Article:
To achieve top tier, stop criminalising trafficking victims, watchdog tells Putrajaya

Shamini said there are still many issues that Putrajaya needs to address when it comes to human trafficking. — Picture by Siow Saw Feng
Shamini said there are still many issues that Putrajaya needs to address when it comes to human trafficking. — Picture by Siow Saw Feng

KUALA LUMPUR, June 28 ― Malaysia should stop treating human trafficking victims as criminals if it wishes to be promoted to the top tier in the United States’ annual Trafficking in Persons (TIP) report, Amnesty International said today.

The human rights watchdog's executive director Shamini Darshini said there are still many issues that Putrajaya needs to address when it comes to human trafficking, despite its status upgrade from Tier 2 Watch List to just Tier 2.

"If Malaysia wishes to achieve Tier 1 status in 2020 as announced by the Prime Minister this afternoon, not treating trafficked victims as criminals would be a good place to start,” she said in a statement, referring to Datuk Seri Najib Razak.

The watchdog said many trafficked victims are held in “horrendous” detention centres, facing death, illness and diseases, and denial of basic rights including water.

It said although Malaysia is primarily a destination country, evidence has suggested it could also be a source or transit country involving Rohingya refugees, Bangladeshis and Indonesians seeking jobs, as well as women and children for sale in the sex trade industry.

Citing the Home Ministry in April, the group said 161 detainees at Immigration detention centres nationwide had died between 2014 and 2016 from various diseases including tuberculosis and HIV, indicating the lack of access to healthcare.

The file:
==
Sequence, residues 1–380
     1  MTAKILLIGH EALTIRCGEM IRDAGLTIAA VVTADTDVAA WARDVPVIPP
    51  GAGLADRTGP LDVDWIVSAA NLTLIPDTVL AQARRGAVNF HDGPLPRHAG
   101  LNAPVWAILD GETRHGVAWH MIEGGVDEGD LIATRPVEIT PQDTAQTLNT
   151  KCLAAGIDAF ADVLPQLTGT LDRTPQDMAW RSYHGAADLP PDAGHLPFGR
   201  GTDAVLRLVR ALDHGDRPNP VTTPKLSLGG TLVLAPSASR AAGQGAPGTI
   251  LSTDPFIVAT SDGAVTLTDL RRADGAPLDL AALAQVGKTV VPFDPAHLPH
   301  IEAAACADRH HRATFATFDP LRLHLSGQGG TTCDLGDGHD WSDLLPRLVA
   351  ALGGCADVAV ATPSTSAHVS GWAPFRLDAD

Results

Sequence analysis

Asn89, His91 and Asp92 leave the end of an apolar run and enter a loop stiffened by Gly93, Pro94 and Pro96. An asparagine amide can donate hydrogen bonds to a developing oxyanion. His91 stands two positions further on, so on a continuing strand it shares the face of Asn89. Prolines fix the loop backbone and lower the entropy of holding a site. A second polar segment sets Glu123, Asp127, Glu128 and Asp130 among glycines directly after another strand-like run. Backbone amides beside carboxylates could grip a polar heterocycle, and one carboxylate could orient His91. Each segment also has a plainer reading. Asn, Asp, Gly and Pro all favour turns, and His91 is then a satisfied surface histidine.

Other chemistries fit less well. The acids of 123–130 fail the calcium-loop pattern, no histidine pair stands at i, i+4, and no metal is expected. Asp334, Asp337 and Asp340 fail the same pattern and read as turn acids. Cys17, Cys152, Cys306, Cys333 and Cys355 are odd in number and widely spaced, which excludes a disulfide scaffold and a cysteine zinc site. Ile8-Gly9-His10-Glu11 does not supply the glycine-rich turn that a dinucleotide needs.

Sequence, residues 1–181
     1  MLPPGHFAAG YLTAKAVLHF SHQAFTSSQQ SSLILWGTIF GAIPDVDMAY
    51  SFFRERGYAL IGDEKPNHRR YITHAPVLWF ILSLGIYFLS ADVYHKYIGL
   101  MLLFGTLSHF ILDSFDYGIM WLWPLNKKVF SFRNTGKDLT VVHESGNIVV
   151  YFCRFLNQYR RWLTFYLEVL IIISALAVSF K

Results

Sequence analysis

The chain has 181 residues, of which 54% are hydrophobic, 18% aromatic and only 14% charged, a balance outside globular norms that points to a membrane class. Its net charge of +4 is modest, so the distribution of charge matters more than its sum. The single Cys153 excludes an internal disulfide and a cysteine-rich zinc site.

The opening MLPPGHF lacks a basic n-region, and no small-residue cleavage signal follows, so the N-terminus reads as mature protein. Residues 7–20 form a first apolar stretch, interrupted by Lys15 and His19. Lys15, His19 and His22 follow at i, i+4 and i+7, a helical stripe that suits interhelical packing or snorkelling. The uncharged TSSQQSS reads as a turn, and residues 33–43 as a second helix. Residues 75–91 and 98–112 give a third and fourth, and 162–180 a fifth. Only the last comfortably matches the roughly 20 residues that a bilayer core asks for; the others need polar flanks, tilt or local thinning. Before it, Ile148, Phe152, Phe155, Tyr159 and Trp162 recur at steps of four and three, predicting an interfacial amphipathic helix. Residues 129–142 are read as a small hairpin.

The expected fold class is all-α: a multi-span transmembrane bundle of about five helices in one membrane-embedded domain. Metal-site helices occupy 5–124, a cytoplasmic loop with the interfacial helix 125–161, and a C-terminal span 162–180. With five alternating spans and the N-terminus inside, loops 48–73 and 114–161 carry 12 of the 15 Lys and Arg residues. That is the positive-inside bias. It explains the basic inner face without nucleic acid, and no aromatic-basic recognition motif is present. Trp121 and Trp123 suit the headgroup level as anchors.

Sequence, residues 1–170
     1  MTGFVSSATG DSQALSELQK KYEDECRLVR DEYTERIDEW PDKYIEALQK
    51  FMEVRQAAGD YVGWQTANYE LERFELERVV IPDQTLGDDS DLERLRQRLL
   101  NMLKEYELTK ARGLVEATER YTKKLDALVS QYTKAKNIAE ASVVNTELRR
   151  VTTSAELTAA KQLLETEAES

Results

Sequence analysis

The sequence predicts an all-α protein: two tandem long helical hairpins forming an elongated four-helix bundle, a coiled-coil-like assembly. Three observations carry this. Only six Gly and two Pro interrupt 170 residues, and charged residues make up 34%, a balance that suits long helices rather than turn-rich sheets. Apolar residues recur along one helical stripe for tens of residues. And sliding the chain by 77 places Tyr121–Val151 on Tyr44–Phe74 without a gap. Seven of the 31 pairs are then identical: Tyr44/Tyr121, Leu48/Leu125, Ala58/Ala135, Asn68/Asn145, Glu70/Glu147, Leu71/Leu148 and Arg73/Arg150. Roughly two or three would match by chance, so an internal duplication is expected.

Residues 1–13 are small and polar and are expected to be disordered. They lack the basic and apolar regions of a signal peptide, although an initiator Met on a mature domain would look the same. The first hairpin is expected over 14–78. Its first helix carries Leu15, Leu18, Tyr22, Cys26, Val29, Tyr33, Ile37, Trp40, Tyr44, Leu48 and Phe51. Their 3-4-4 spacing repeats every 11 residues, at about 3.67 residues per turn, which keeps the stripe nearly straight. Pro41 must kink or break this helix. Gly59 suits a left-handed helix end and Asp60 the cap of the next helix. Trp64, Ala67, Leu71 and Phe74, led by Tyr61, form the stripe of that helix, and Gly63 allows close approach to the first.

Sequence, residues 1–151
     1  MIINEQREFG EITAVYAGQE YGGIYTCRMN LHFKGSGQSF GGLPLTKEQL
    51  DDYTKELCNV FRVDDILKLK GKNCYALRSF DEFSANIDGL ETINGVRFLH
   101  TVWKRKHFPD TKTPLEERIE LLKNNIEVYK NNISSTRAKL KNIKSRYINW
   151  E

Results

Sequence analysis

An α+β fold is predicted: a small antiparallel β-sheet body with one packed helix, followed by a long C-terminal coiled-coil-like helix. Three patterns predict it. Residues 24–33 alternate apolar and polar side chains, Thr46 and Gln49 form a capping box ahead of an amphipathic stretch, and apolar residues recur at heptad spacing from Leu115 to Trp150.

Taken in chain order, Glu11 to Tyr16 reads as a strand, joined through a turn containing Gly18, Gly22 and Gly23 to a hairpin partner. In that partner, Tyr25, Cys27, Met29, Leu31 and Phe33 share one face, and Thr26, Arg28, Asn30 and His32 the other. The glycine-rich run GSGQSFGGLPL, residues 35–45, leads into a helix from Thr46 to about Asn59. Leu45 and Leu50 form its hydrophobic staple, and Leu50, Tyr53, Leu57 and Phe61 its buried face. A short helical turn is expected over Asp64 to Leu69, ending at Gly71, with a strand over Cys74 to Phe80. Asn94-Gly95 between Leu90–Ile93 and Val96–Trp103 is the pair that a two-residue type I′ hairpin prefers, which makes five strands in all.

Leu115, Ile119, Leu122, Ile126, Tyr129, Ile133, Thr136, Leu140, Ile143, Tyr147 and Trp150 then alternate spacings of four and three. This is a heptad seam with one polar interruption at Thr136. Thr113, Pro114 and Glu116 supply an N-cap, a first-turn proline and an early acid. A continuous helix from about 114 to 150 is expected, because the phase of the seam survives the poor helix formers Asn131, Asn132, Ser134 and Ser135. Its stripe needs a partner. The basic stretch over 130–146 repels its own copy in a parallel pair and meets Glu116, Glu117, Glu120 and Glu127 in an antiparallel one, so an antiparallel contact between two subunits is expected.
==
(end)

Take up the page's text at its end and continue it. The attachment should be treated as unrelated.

“Malaysia needs to seriously address the gross violations committed in the trafficking industry which includes beefing up its existing legislation to address a range of issues including border corruption and access to basic rights for victims,” she added.

Earlier today, Najib wrote in his blog that Malaysia's collective effort in combating human trafficking locally and regionally was bearing fruit as the country improved its position in the 2017 report.

In this year’s report, the US State Department’s recommendations for Malaysia are mostly similar to last year’s, as it urged Putrajaya to publicly gazette and fully implement the Anti-Trafficking in Persons and Anti-Smuggling of Migrants (Amendment) Act 2015.

Malaysia was upgraded from the bottom tier, Tier 3, to the Tier 2 Watch List in 2015’s TIP report, but the decision was criticised as an ostensible move to allow Malaysia to sign the Trans-Pacific Partnership Agreement with the US, as the latter imposes an automatic non-aid and non-trade sanction on countries at the bottom tier.

Malaysia had languished in the Tier 2 Watch List since 2010 before it was downgraded to Tier 3 in 2014.

The report was compiled using information from US embassies, government officials, nongovernmental and international organisations, published reports, news articles, academic studies, research trips to every region of the world, and tip-offs.